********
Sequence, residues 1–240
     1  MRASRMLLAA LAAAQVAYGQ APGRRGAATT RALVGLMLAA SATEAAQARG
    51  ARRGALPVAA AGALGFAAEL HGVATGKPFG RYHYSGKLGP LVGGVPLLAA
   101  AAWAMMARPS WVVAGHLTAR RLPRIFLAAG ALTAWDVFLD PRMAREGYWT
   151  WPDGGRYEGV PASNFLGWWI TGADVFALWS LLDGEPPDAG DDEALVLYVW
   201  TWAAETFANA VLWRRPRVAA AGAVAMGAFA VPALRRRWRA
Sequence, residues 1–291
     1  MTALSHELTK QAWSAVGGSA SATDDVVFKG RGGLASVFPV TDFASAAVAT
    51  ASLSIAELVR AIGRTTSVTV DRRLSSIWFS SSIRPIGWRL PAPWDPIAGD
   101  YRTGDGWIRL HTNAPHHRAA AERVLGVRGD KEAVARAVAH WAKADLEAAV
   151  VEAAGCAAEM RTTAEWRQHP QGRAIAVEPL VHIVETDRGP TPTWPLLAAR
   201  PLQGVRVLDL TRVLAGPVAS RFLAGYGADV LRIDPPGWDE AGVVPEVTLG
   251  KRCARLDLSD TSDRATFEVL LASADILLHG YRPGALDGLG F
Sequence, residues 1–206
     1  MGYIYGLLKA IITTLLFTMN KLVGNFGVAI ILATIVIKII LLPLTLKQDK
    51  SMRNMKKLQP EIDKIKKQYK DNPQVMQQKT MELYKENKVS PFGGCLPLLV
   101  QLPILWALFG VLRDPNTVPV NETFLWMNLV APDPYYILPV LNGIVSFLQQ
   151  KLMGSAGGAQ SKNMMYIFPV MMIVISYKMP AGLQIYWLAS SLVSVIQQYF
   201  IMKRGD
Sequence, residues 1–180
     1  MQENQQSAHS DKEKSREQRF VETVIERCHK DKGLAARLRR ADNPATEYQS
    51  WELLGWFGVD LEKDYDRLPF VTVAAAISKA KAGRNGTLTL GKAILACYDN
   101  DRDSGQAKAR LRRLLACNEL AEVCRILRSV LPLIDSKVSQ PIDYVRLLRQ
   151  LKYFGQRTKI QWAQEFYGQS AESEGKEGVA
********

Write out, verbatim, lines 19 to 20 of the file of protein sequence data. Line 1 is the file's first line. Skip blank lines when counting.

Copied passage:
   201  IMKRGD
Sequence, residues 1–180